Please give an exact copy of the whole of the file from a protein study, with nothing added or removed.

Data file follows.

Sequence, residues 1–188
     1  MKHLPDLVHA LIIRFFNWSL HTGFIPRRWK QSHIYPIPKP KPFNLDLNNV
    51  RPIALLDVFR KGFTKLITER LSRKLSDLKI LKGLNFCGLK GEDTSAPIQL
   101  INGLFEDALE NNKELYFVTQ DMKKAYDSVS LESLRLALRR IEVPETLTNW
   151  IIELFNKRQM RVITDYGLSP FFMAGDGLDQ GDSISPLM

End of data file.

Sequence, residues 1–188
     1  MKHLPDLVHA LIIRFFNWSL HTGFIPRRWK QSHIYPIPKP KPFNLDLNNV
    51  RPIALLDVFR KGFTKLITER LSRKLSDLKI LKGLNFCGLK GEDTSAPIQL
   101  INGLFEDALE NNKELYFVTQ DMKKAYDSVS LESLRLALRR IEVPETLTNW
   151  IIELFNKRQM RVITDYGLSP FFMAGDGLDQ GDSISPLM